Urinary incontinence in women is no laughing matter. In fact, laughing can easily make you pee in your pants. One of my friends told me that one day when she was playing tennis, every time she lunged for the ball she’d leave a little puddle on the court. Her partner started laughing so hard that she, too, started leaving little puddles. Hysterical, doubled over with wet undies and puddles at their feet, they finally had to leave the tennis court. They didn’t want to have to explain themselves to the next players. Isn’t female bonding great?
Incontinence affects 1 out of 3 women
According to the American Urological Association, stress urinary incontinence (SUI), affects 1 out of 3 women. Yes, you read that right! That’s a whole lot of women. Discussing this subject seems to be taboo in our culture; I don’t hear a lot of women talking about urinary incontinence. Recipes, yes—their bladders, no. My friend was lucky to have such an open-minded friend for a tennis player.
What is Urinary Incontinence?
Urinary incontinence means that you can’t hold in your urine. When the urge comes, you can’t make it to the bathroom. You no longer have the muscle and bladder control to hold the contraction that keeps the urethra capped. Incontinence may occur suddenly or it can creep up on you. One day you’ll have control and the next day you won’t. Who knew those old sanitary pads would come in handy again, just when you were ready to donate them to a good cause (see The ‘Up Yours’ Campaign).
Causes of Urinary Incontinence in Women
On Dr. Amy Tuteur’s blog, The Skeptical OB, she discusses this issue of urinary incontinence in women. She explains that SUI is often associated with pregnancy, but usually, after the baby is born, the incontinence will stop. More commonly, it is associated with aging, particularly in women who have given birth in the past. The ligaments and muscles that support the pelvic organs stretch in response to pregnancy and childbirth. After menopause, when those ligaments and muscles weaken even further, the bladder and uterus may slip down (prolapse) into the vagina, distorting the normal relationships necessary to control bladder function.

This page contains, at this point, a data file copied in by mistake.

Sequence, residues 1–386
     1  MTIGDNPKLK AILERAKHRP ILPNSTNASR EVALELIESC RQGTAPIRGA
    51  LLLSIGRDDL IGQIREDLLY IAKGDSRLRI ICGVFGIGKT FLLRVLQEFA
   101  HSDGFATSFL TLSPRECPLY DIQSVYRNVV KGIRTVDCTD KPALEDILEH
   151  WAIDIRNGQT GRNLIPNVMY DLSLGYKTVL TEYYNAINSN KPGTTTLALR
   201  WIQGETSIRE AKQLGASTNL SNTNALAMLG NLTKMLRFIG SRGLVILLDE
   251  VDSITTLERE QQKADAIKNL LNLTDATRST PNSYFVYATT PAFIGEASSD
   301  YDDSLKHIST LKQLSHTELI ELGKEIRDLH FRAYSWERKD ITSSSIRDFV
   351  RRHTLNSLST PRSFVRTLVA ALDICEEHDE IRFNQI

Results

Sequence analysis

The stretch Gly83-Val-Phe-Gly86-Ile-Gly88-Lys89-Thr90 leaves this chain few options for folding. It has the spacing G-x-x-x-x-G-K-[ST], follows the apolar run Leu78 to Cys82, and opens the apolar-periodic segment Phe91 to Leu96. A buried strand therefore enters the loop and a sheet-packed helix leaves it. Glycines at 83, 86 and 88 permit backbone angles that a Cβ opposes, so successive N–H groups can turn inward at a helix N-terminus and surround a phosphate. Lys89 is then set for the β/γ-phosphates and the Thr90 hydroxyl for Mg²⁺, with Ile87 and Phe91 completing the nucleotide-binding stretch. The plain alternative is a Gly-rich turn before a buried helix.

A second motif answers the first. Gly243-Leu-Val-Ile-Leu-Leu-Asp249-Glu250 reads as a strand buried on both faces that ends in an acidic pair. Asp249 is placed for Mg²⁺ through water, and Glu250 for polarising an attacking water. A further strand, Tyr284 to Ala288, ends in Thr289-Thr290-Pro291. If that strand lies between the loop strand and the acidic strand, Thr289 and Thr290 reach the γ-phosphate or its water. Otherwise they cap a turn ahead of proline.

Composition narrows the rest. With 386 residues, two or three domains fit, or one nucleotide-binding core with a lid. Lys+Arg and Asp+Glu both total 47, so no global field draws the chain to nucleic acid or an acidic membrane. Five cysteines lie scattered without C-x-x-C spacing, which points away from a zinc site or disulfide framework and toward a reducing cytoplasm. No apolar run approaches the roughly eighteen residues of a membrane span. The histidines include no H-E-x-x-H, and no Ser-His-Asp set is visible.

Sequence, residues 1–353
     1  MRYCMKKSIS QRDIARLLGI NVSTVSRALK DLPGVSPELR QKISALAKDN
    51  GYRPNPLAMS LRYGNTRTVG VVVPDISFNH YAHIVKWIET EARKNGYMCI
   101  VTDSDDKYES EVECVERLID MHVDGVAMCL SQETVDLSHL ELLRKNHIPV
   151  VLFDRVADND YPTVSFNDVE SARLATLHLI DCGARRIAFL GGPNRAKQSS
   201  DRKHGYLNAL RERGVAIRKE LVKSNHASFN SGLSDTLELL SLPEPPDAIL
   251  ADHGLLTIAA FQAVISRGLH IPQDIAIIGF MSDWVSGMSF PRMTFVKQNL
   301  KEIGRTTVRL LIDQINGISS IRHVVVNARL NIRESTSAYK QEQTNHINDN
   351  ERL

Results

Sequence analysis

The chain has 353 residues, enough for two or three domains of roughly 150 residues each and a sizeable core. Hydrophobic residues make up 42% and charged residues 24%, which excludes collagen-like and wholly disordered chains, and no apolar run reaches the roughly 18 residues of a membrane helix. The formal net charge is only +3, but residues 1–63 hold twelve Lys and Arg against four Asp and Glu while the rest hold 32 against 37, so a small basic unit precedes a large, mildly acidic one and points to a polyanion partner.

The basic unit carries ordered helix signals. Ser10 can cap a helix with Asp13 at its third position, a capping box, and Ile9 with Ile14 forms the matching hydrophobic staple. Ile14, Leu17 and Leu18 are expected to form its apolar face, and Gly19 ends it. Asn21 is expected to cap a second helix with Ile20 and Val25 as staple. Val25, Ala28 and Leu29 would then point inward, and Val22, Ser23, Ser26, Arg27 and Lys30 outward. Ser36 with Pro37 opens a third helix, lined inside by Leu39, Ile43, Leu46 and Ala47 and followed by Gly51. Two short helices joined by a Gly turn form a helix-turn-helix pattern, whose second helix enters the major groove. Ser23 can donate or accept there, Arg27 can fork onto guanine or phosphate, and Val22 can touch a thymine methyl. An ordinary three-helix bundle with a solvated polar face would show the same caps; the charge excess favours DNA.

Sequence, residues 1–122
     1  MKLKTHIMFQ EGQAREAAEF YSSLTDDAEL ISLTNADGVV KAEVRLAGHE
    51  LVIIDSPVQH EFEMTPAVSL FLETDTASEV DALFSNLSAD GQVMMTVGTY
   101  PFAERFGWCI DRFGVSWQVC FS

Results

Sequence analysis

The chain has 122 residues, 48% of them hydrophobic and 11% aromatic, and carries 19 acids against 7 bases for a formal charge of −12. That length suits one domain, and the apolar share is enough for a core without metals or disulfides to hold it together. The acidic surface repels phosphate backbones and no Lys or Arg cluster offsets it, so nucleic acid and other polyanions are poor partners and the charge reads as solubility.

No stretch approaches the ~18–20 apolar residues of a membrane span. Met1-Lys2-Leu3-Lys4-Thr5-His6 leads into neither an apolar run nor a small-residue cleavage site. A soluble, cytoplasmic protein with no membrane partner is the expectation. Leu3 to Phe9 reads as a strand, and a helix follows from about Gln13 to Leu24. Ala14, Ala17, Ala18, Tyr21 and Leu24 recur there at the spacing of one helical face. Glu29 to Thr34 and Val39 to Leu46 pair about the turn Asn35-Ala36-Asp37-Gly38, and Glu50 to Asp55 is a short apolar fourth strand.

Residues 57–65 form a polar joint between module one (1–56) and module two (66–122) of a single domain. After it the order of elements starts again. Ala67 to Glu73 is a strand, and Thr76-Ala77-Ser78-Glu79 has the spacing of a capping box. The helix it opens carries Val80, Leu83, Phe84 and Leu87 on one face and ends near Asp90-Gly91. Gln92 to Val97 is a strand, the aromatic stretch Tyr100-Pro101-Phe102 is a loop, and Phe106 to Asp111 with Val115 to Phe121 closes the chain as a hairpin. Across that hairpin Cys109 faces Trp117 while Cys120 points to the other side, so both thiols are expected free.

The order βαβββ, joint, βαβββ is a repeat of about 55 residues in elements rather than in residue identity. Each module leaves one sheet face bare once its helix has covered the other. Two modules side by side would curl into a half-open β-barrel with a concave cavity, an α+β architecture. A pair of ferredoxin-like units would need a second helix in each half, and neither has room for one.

Menopause and Incontinence
One condition of menopause, the loss of estrogen, is known to cause thinning of the walls of both the vagina and urethra. All of our muscles get flabbier due to the diminishing of estrogen. It stands to reason that those in our internal areas will weaken as well — add bladder leakage to the list of menopause symptoms.
Solutions for Incontinence in Women
Bladder training and pelvic floor exercises (and we don’t mean the laying-on-the-floor kind), also known as Kegels, are two natural treatments for an overactive bladder (OAB). Research suggests that these remedies can cut overactive bladder episodes by about half. This study compared different methods for management of an OAB. They compared the efficacy of pelvic floor muscle training (PFMT), biofeedback-assisted PFMT (BAPFMT), and electrical stimulation (ES) in the management of OAB. The subjective improvement/cure rate of OAB was 51.4% for ES, 50.0% for BAPFMT, and 38.2% for PFMT.
Do Your Kegels
Kegels are the first and easiest line of defense. This technique, named after Dr. Arnold Kegel, involves contracting and relaxing the muscles of the pelvic floor. You can do them at any time without any machinery or a doctor visit. UC San Francisco Medical Center gives a great “how to” lesson describing how to identify your pelvic muscle and know if you are using it in the right way. Basically, you draw in your vagina as if trying to hold your urine. Get tighter and tighter as you count to three. Then let out the tension in three counts. Never push out. Best idea ever: every time you get to a red light, do your Kegels!